Anyway, just want to counter the idea that a snake bite is no big deal.
    Very few people people in rural areas, particularly those with children/pets, have a live-and-let-live attitude towards venomous snakes in their yards, barns, sheds for obvious reasons. I just found out a few weeks ago that my sister-in-law, a genteel retired English teacher, has dispatched several copperheads in her yard (they live on a ranch) with a shot gun. Who knew? Anyway, non-venomous snakes get a free pass.

    Treating snakebites

    According to the University of Maryland's Medical Center Web site, obtaining fast medical attention is crucial to surviving a bite from a poisonous snake. Here are some key tips:


    • Wash the bite with soap and water.
    • Immobilize the bitten area and keep it lower than the heart.
    • Cover the area with a clean, cool compress or a moist dressing to minimize swelling and discomfort.
    • If a victim is unable to reach medical care within 30 minutes, the American Red Cross recommends:
    • Apply a bandage, wrapped two to four inches above the bite, to help slow the venom. This should not cut off the flow of blood from a vein or artery - the band should be loose enough to slip a finger under it.

    A suction device can be placed over the bite to help draw venom out of the wound without making cuts. These devices are often included in commercial snake bite kits.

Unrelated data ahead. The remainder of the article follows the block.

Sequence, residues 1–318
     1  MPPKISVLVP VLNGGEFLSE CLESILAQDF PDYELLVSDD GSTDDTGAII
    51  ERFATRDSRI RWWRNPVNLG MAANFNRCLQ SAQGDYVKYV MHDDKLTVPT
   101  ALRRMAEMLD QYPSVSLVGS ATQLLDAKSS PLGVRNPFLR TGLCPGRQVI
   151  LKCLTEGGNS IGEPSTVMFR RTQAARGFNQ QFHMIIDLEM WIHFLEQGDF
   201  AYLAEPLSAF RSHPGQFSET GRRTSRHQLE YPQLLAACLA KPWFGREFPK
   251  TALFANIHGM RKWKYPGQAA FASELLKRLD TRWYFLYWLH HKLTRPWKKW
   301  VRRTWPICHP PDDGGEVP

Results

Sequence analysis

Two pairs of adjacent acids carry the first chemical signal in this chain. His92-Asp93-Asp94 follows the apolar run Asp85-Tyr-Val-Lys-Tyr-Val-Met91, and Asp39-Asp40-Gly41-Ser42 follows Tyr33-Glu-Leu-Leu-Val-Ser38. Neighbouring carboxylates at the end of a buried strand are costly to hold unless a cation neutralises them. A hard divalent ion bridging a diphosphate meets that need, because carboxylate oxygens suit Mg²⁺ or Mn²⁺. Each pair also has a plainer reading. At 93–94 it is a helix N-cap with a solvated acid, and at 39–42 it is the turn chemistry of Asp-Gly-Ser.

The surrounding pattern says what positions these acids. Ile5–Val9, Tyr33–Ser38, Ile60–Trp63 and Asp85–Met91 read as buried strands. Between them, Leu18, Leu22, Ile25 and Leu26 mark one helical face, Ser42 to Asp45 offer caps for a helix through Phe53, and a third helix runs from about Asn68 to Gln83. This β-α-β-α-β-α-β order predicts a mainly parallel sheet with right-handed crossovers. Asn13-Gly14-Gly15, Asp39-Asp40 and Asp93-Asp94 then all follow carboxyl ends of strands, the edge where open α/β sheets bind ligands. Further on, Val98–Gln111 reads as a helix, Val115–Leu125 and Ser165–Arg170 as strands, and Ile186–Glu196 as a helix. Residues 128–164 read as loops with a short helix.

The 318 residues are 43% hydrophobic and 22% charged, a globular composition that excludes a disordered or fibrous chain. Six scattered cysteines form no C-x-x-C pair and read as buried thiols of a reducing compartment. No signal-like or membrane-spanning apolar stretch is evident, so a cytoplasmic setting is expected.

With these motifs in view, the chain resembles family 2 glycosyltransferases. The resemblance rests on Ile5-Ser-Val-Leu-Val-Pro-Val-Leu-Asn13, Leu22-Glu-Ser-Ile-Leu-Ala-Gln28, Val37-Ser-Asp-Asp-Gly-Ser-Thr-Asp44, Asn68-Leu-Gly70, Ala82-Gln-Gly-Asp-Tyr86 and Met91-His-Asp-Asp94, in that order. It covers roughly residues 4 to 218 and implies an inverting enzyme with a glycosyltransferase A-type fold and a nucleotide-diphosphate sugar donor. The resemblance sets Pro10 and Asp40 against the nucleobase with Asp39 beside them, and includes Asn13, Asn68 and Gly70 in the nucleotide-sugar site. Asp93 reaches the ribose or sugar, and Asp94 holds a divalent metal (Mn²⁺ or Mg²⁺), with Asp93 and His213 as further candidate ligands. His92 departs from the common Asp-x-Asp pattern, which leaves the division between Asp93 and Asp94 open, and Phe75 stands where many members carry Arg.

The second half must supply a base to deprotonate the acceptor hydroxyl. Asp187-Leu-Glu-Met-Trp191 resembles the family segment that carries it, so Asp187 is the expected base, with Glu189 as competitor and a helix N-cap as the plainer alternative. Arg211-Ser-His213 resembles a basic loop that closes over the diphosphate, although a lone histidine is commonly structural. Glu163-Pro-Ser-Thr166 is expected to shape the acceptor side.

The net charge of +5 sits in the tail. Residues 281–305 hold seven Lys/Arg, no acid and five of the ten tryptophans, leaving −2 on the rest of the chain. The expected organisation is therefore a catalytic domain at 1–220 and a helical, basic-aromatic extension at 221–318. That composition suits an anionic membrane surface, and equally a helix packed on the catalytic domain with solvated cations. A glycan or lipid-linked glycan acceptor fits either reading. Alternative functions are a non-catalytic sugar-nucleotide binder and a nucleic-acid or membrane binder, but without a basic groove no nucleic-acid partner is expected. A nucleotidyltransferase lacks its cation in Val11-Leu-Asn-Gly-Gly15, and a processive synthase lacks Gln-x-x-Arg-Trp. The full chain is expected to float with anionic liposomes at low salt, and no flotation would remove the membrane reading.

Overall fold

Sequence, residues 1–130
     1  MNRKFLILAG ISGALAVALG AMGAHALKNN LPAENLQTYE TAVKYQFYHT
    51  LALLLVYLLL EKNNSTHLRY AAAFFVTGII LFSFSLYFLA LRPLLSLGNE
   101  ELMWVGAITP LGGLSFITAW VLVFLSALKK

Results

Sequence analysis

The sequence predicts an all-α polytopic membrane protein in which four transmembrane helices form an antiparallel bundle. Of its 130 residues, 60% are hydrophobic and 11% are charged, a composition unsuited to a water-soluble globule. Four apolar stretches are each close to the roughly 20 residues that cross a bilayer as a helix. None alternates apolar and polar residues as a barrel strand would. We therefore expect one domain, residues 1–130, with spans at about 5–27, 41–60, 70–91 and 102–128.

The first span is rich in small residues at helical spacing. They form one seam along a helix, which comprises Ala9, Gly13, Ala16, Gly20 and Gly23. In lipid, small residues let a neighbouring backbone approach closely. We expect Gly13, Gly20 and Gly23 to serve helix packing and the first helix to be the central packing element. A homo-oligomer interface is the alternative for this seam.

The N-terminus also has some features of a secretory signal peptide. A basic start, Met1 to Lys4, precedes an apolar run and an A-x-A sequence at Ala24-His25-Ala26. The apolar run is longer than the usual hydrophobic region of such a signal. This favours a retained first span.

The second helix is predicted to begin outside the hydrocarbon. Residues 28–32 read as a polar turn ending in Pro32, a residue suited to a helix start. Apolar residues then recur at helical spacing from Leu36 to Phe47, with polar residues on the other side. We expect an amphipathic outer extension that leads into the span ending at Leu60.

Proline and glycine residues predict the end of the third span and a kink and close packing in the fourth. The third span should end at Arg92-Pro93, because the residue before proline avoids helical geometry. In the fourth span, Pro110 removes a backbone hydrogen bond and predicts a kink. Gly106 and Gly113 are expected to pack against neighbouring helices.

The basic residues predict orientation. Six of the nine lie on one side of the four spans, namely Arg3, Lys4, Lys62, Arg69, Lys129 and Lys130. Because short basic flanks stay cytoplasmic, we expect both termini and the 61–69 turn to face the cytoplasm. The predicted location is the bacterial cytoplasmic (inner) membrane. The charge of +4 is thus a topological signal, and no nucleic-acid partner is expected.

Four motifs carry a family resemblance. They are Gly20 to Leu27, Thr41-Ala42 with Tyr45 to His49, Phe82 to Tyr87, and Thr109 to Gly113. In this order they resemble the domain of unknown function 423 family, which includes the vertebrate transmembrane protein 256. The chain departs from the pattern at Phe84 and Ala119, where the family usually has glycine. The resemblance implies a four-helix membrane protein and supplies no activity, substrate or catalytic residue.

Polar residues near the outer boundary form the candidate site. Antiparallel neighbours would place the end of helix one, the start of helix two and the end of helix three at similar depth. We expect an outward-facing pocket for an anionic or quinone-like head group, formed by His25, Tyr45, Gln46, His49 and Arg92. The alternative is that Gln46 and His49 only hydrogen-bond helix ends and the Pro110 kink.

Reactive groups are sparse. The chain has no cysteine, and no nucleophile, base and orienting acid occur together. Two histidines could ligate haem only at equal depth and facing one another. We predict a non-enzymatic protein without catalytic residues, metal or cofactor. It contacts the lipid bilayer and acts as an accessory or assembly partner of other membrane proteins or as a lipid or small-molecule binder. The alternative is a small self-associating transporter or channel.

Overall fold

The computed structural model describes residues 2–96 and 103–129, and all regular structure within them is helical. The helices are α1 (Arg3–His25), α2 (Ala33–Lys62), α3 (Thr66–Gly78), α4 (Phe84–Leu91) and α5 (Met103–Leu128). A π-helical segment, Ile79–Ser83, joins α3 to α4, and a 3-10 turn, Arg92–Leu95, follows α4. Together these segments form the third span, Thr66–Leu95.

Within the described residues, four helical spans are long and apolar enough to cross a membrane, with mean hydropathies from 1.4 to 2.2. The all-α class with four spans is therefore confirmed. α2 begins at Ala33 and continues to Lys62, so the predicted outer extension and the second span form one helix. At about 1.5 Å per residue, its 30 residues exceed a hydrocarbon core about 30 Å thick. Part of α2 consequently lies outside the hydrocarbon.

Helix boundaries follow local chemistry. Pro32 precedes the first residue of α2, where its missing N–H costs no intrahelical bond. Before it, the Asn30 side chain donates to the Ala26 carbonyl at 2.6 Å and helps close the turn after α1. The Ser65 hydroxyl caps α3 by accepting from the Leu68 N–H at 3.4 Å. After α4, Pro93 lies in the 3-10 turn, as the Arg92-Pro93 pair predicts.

56. #56
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    Quote Originally Posted by June Bug View Post
    Anyway, just want to counter the idea that a snake bite is no big deal.
    [/I]
    I don't think anyone is saying that they are no big deal, we -or at least me- is saying that being paranoid about them and killing them where/whenever one sees them is not warranted and is an extreme over-reaction. Nor is anyone saying you should let them live under you porch. Rather, we suggest relocating them if possible and only killing them if they return or are denning in your yard.

  57. #57
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    Quote Originally Posted by Vader View Post
    Dunno. I hate golf, even though I'm a ringer. Well, I can drive and putt but always have to ask my friends which club to use, and I lose interest after the fifth hole.
    I'm with you on this Vader!
    Seek: Koski Trailmaster. Breezer Series 2 or 3. Cunningham Racer.

  58. #58
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    The CDC and the few doctors I know say not to use snake bite kits.
    Maybe we should start wearing suits of armor and carry a lance, however this may affect strava times.
    Just some yahoo on a Wahoo

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    It's better than trying to stop abruptly and risking falling on top of it.

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    So how would you deal with this one?
    Attached Images Attached Images  
    Zip ties? Not on my bike!

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  61. #61